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Suppose I want to input a square of integers. On each line, each pair of integers is separated by a space. So the following code works just fine :

//size of the square
int N;
int **c;
c = malloc(N*sizeof(int*));

for (i=0;i<N;i++)
{   c[i] = malloc(2*sizeof(int));
    for (j=0;j<2;j++)

So here I don't understand why space are not taken into account (so why it is working :-)) ? On the contrary, if I used a n array c[N][N], it wouldn't have worked, because each space would have been interpreted as an input of the array

share|improve this question
You can write as many numbers on a line as you like from 0 to N*N and scanf won't care; it looks for white space (including newlines) followed by digits. Of course, a non-digit locks the whole thing up; you should test that scanf() works fully each time you call it: if (scanf("%d", &c[i][j]) != 1) { ...process error... }. Consider the merits of using fgets() to read a line and sscanf() to parse it; error reporting is a lot easier! – Jonathan Leffler Aug 29 '12 at 15:53
It appears that your code is reading an N row x 2 column matrix, not a square matrix. Unless you're stuck with a C89 compiler (or a C11 compiler that predefines __STDC_NO_VLA__), you would be able to write: int c[N][2]; in place of int **c;, and you would not then need the malloc() statements (assuming you only use the matrix in this function, or in functions called from this function). If you want to pass the matrix back to the calling code, you get into some interesting issues. – Jonathan Leffler Aug 29 '12 at 23:05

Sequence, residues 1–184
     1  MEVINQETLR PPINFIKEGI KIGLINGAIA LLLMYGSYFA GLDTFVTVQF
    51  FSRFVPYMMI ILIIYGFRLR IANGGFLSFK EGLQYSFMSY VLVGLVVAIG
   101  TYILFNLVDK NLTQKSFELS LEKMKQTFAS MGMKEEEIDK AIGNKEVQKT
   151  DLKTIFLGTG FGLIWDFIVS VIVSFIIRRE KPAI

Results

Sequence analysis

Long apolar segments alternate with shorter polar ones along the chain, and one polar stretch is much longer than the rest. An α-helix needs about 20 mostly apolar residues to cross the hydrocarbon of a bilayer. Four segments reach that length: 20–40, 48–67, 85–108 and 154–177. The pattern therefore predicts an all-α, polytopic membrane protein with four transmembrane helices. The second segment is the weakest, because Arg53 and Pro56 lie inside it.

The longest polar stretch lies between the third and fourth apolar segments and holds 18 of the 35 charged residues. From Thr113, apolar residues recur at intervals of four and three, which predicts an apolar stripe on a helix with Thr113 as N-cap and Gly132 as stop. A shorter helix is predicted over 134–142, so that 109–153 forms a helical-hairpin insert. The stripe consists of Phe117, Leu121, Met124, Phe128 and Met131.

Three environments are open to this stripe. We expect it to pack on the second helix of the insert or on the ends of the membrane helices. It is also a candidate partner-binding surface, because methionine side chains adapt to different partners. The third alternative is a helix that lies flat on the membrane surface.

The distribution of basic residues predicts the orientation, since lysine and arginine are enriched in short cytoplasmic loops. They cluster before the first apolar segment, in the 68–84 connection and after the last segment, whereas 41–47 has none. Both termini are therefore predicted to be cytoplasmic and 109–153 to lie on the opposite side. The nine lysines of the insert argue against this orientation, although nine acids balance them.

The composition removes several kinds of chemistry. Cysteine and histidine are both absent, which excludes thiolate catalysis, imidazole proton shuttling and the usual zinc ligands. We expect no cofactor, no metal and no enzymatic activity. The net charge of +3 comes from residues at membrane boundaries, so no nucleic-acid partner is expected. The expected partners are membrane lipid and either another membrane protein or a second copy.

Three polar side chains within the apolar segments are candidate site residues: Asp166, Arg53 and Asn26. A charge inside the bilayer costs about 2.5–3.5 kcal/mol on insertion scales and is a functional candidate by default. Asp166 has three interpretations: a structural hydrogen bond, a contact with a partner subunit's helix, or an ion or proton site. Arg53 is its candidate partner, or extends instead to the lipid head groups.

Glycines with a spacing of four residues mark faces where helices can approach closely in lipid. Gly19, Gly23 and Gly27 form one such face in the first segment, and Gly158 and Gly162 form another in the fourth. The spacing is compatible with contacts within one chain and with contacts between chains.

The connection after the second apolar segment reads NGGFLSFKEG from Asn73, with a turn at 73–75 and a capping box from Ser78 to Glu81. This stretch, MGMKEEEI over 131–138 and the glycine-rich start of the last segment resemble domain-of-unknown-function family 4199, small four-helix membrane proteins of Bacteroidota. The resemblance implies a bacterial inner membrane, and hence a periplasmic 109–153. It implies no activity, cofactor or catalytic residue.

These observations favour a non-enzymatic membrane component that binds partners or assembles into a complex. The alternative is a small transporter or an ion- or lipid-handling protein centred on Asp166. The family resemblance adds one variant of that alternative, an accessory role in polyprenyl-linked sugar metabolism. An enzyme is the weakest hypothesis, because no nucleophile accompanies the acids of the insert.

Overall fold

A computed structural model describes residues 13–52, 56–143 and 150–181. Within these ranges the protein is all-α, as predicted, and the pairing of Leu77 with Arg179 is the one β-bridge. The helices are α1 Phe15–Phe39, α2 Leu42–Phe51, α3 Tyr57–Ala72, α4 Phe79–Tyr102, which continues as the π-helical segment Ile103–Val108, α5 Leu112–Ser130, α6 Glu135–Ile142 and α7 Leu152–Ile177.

up vote 1 down vote accepted
int N;
int c[N][N];   /* Error */

The size of c[][] must be known when it is created. That means that N cannot be obtained dynamically from input.

Edit: As pointed out by Jonathan Leffler, some compilers support array size being determined at run-time. It was part of the C99 standard, but in the subsequent C11 standard it was made optional.

While optional features may be great, they reduce the portability of your program.

share|improve this answer
This is not true in C99. It is also not true when c is an int ** as in the code in the question. This answer should not be the selected one. – Jonathan Leffler Aug 29 '12 at 15:54
Perhaps you didn't understand the question? – Klas Lindbäck Aug 29 '12 at 22:32
Maybe I don't understand the question, but the statement that 'int c[N][N];` would not work is inaccurate for modern C compilers (those that support the old version of the standard, C99, or the new version of the standard, C11 — subject to __STDC_NO_VLA__ not being predefined). Only archaic C compilers that are either pre-standard or that only support C89 that won't accpet int c[N][N];, with N being determined at run-time. This is a VLA; it is standard C. Therefore, your comment is incomplete, though it may be accurate for the OP's C compiler (which is not identified, but might be MSVC). – Jonathan Leffler Aug 29 '12 at 22:56
Point taken. I've added an edit to the answer. – Klas Lindbäck Aug 30 '12 at 6:46

Well, basically, each invocation of scanf is going to be white-space delimited.

share|improve this answer
yes but why declaring instead c[N][N], and then "scanf("%d",&c[i][j]);" wouldn't have worked ? – user1611830 Aug 29 '12 at 14:20
1) did you malloc c[i] = malloc(N*sizeof(int)) instead of 2? 2) did the user actually input n items into the row? You don't have any error handling so I pretty much need to see the test input as well. – djechlin Aug 29 '12 at 14:22

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